Against the advice of some colleagues, I ultimately agreed to be interviewed, too. After all, as a journalist who sometimes felt oddly cast in my role as a college president, how could I get away with stonewalling the media? I earnestly explained that our intentions were pure and our decision to take in Leopold was based on the best of motives. I did not acknowledge the red flags we might have overlooked in our own eagerness to bring Leopold to campus, or how automatically we accepted the most generous interpretation of why this scholar might have been at special risk. But still, I promised, we would do everything in our power to get to the bottom of it all.
But the community response came more quickly than that. A young alumnus wrote to complain that we had allowed the college to be held up to “national ridicule,” while an indignant elderly alumna suggested we become “significantly more diligent in [our] faculty screening process,” though NBC had yet to air anything and the ridicule was coming mostly from within the small family of the college itself. One parent wrote to me of the “tragic paradox” that Goucher, in trying to do some good in the world, had stumbled into such a mess. That phrase still sticks with me today.
None of us wanted to seem to be judging Leopold guilty prematurely, or to require him to prove his innocence. But after hurried consultations, the provost and I told the chair of the French department we could take no chances, and she agreed to remove Leopold from the classroom immediately. Barring some exonerating evidence, he would not be assigned to teach in the spring semester and would be banned from campus.
But that wasn’t the end of it for me. I couldn’t shake the feeling that in our embrace of Leopold and in our eagerness to act on our principles, we had ourselves been somewhat naïve—so sure of our own grand purpose that we neglected to investigate the hazardous moral environment we were parachuting into. I very much wanted to believe that I could sort out the story myself, after the fact, almost as an act of absolution. Doing so would restore my own confidence as well as Goucher’s dignity; it would also show that the tools of free inquiry we believed in were still themselves sharp, and of use. I hoped.
I tried to reach a respected Cameroonian lawyer I’d heard about who was serving as chief prosecutor at the Rwandan war-crimes tribunal in Tanzania. No luck. I rang the attorney general of Rwanda in Kigali. No reply. The State Department? No comment. The Office of Special Investigations in the Criminal Division of the Justice Department—the unit assigned to pursue accused war criminals in the United States—would not speak on the record.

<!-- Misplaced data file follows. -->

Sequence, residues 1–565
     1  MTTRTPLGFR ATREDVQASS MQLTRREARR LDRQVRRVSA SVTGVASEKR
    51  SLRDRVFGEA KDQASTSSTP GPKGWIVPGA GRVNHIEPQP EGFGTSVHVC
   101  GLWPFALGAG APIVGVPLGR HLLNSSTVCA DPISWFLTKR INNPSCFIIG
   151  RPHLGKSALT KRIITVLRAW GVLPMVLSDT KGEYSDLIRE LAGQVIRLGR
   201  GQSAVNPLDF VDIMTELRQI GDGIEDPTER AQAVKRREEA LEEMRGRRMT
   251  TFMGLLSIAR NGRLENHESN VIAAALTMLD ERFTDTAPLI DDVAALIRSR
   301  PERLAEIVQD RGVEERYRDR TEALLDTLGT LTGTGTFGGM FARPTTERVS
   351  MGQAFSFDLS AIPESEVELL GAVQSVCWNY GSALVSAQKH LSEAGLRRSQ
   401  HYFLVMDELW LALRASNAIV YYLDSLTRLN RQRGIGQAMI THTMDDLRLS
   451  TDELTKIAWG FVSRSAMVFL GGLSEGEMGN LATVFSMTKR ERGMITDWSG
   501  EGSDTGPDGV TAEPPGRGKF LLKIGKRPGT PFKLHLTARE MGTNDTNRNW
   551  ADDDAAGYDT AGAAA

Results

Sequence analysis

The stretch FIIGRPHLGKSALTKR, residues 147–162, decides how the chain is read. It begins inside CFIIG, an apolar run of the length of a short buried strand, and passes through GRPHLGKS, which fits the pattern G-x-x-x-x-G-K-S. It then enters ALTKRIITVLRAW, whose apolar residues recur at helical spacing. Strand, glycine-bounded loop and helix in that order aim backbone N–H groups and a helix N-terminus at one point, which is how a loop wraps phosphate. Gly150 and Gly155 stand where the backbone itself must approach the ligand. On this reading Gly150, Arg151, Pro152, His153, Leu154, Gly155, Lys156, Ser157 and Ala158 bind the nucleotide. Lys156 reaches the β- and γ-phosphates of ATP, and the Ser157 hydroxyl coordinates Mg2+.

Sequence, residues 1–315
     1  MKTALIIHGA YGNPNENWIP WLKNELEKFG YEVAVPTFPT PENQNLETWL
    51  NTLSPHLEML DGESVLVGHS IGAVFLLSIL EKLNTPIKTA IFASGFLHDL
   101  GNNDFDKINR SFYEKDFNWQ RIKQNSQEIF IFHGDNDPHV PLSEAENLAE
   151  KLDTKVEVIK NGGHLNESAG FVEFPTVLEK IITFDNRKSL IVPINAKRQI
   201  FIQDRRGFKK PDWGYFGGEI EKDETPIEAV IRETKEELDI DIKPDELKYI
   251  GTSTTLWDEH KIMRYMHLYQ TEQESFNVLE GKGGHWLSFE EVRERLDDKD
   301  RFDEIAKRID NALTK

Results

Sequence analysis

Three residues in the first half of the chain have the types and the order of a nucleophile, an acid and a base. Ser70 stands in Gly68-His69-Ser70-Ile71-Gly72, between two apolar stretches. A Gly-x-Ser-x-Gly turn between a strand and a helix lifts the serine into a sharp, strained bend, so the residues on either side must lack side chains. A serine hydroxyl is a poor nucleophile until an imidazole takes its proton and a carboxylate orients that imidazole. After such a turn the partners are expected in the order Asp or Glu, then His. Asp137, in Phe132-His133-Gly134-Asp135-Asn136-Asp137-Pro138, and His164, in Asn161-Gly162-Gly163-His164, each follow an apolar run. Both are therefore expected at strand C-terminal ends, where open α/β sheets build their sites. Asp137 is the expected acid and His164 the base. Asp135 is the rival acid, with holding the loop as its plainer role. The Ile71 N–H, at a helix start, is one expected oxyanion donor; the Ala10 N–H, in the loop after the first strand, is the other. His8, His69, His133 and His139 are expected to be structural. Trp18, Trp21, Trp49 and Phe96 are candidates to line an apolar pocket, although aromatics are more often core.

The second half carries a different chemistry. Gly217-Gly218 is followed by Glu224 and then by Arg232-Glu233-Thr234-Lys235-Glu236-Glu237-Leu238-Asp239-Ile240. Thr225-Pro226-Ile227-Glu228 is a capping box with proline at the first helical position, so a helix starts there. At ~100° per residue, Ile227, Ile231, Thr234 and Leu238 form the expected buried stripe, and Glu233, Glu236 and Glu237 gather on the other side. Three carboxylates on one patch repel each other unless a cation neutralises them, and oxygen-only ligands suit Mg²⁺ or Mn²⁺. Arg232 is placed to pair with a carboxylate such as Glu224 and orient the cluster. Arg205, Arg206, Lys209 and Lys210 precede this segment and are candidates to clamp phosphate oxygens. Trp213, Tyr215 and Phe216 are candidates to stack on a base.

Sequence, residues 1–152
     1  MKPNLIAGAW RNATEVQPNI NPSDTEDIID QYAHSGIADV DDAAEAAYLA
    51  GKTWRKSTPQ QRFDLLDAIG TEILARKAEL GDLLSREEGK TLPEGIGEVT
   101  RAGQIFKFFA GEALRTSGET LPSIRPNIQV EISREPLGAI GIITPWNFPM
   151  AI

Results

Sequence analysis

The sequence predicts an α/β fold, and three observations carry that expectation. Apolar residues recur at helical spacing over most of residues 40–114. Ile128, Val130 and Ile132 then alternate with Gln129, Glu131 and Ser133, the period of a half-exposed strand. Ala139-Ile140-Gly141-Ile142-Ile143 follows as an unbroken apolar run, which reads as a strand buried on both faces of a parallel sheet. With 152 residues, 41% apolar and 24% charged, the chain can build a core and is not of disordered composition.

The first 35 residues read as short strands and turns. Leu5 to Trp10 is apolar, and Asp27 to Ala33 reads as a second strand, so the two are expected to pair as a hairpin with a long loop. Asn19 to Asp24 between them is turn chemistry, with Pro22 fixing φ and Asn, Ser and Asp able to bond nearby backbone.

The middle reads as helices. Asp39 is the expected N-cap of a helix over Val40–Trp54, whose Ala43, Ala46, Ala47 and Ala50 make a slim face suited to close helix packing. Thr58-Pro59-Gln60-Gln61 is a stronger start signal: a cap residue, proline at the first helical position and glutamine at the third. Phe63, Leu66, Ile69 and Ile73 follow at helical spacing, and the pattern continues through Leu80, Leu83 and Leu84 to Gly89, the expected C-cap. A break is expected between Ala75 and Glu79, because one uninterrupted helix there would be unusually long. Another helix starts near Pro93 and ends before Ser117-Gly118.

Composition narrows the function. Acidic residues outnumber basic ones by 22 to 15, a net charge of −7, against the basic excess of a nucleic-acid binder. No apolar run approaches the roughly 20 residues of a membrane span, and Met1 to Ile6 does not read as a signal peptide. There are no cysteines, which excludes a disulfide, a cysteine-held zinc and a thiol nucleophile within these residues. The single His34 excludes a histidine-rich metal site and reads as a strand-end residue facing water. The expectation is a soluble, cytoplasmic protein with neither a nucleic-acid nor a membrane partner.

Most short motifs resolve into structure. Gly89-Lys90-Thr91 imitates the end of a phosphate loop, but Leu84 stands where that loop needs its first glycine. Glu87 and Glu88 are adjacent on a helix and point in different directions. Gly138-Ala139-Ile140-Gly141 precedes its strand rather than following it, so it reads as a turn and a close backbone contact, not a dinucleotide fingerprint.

I wondered about the young prosecutor who had accompanied the television producers to my office. But I could not find any American government official aware of the presence of any Rwandan prosecutor in the United States. If he was not an impostor, then he must have been brought here by NBC—and it was hard to know what to make of an extradition process being conducted by a television network.
Only Alison Des Forges seemed able to help me. An activist and historian from Human Rights Watch, she was perhaps the leading American expert on Rwanda, and especially on the Rwandan genocide, having even testified before the tribunal in Tanzania. I called her and, at her request, sent her a copy of my growing file of documents on the case.
The allegations were muddled, she told me, and they misconstrued who in Rwanda had actually been allied with whom in 1994. They were almost identical to the charges being pressed against another Rwandan émigré living in Buffalo, her hometown. He too was being pursued by NBC. “I don’t think you have a problem here,” she reassured me.
But then she paused, and almost seemed to reverse herself: “We may never really know for sure about guilt or innocence,” she told me. “During the Rwandan genocide, there were people who went without sleep for so many days in a row that they became psychotic. They killed some of their neighbors on one day, and saved others on the next.” Many Rwandans, she said, might never be sure themselves of exactly what they had done during that time of madness. “They did whatever they had to do to survive.” The next day, returning to Buffalo from meetings in New York, Des Forges died in a plane crash.
For a time, I kept my distance from Leopold, as if waiting for information that would help me know truly what to make of him. Eventually, I invited him to lunch at my house on campus. He arrived wearing a well-tailored dark suit and looking like a diplomat on a delicate mission. In conversation—then and during a later encounter—he was courtly and unfailingly polite, never straying from his basic focus. “I need to clear my name,” he said.
I asked, for his sake and my own, what he thought he’d done to bring this all about. The clue to his troubles, he answered, can be found in Count 7 of the indictment, where he is charged with “Negation of Genocide.”